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India bets big on Superweedqrcode

−− Used for medicine, fertilizer, animal feed and food, seaweed can transform farming along India’s coastal belt and improve livelihood and create jobs.

Feb. 4, 2021

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Feb. 4, 2021

India bets big on Superweed

After successful pilot projects, India has decided to go in for largescale cultivation of 60 varieties of seaweeds or macroalgae, which have multiple commercial applications in medicine, fertilizer, animal feed and food, being a rich source of amino acid and several micronutrients.

India’s plans are to raise seaweed production from the current level of about 20,000 tonnes, valued at around $500 million (Rs 50 crore) to 11.2 lakh tonnes by 2025. Besides meeting industry needs and reducing import dependency, the new project, which has been launched in several coastal states, holds the potential to provide employment to 6-7 lakh people, particularly women, delegates at an international webinar on Entrepreneurship Development on “Seaweed Business by Cooperatives” held on Thursday (January 28) were informed.

Sundeep Nayak, managing director, National Co-operative Development Corporation, said that the government is very serious about the promotion of seaweed cultivation as it holds tremendous business potential. Besides, it has the potential to transform farming along India’s coastal belt and improve livelihood and create jobs.

Globally, seaweed production has been growing rapidly given its application in a range of industries including pharmaceutical and nutraceuticals. It has become the fastest-growing sector of food production with 9 per cent annual growth rate. The world seaweed production is currently valued around $ 12 billion and is expected to reach $ 26 billion by 2026, Nayak said.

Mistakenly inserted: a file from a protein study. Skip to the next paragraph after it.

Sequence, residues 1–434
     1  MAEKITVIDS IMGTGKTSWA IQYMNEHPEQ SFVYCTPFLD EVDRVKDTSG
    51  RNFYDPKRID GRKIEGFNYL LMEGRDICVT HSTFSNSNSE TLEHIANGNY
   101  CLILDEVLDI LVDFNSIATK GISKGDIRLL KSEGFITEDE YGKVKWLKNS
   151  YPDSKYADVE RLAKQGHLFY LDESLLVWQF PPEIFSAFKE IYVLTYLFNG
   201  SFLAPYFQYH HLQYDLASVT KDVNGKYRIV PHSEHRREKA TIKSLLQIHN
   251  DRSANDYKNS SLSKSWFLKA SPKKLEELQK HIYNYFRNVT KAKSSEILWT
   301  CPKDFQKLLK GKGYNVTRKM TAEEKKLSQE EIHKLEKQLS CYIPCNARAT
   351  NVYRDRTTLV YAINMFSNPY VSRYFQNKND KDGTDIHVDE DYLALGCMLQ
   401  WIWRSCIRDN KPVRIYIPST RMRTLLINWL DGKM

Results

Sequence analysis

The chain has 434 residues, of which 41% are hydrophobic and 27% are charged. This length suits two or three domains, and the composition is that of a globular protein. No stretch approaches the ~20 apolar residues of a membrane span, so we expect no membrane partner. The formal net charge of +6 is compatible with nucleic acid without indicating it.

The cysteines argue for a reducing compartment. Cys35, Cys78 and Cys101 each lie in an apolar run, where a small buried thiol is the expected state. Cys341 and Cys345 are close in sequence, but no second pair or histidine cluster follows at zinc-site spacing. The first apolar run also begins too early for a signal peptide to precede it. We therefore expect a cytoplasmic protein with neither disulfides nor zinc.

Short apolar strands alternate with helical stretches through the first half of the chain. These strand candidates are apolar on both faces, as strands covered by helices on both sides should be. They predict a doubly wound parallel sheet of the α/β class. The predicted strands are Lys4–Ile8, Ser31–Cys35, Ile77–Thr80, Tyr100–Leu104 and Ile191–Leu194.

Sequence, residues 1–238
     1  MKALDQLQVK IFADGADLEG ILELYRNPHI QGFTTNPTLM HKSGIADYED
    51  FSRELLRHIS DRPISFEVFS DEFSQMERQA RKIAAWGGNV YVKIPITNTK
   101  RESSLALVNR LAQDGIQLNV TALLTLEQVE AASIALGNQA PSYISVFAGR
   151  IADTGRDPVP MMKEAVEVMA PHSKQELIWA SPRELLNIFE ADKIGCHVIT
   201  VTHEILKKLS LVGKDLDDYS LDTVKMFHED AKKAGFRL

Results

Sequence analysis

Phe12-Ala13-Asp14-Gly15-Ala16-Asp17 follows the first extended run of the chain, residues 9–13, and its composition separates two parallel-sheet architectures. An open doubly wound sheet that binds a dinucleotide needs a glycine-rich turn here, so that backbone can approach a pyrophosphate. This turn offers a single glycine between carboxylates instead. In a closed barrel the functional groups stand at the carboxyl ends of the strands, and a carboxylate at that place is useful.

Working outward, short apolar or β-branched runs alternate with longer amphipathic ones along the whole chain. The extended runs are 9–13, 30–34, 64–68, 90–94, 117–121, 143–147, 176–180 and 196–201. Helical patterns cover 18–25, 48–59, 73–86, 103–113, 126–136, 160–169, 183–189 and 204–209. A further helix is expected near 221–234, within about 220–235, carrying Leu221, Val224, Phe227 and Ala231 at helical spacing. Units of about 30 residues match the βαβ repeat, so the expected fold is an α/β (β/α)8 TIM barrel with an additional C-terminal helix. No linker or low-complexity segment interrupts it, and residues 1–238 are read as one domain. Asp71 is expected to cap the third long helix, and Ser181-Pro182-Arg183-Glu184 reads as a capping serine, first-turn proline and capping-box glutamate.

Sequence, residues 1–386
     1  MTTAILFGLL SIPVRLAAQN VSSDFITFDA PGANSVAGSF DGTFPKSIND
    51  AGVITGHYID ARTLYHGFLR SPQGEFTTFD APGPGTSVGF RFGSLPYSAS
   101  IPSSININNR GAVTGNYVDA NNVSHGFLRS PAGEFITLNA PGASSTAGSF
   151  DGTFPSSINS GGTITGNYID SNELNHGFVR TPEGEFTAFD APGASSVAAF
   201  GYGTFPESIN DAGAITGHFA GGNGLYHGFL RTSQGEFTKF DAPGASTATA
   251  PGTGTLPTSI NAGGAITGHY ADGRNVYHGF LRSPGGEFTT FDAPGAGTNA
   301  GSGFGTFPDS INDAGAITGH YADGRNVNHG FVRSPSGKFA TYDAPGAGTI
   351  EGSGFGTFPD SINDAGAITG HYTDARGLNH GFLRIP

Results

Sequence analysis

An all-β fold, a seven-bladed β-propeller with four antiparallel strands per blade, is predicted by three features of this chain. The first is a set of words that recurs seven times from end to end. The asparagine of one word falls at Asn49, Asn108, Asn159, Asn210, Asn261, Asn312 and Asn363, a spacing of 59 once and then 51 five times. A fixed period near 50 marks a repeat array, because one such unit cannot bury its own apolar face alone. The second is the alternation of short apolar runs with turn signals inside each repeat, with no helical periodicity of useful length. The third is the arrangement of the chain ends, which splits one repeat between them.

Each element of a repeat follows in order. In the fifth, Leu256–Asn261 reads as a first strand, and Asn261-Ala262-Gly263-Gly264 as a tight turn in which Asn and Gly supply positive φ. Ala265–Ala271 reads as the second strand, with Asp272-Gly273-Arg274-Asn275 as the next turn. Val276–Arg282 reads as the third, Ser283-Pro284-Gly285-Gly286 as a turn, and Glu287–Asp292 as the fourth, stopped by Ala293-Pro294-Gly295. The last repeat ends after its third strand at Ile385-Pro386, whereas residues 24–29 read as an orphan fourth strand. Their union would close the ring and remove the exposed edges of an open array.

To put the project on the roll, the government has already allocated Rs 637 crore for the cultivation of these nutrition-rich marine plants, as part of the Rs 20,050-crore Pradhan Mantri Matsya Sampada Yojana (PMMSY). The funds, to be utilised over the next five years, will be used mainly to provide subsidy support. Intensive efforts will be made by the implementing agencies to prioritize formation and promotion of Forest and Farm Producer Organizations (FFPOs), support cooperatives and women SHG’s in identified coastal areas, under the scheme, said Dr Rajeev Ranjan, secretary, department of fisheries and chief guest of the webinar.

Each coastal state/UT along the costal has been asked to identify four entrepreneurs and support them with technical and financial sources while multiple number of seaweed banks would be created in the coming years for key species. Seaweed parks are proposed to be established in Tamil Nadu and Gujarat after feasibility studies, while Lakshadweep will be developed as a centre for the development of seaweed.

Central Marine Fisheries Research Institute and National Institute of Ocean Technology will be providing technical knowhow and guidance for the projects to be undertaken. This would include mapping of potential sites and cultivation will be promoted for native seaweed species like Gracilaria dura, G.edulis, Gelidiella Acerosa, Sargassum Wightii, etc.

Dr Ranjan said around 844 species of seaweeds have been reported from Indian seas. Their standing stock is estimated to be about 58,715 tonnes (wet weight). Among them, 221 species are commercially important and abundant along the Tamil Nadu and Gujarat coasts and around Lakshadweep and Andaman & Nicobar Islands.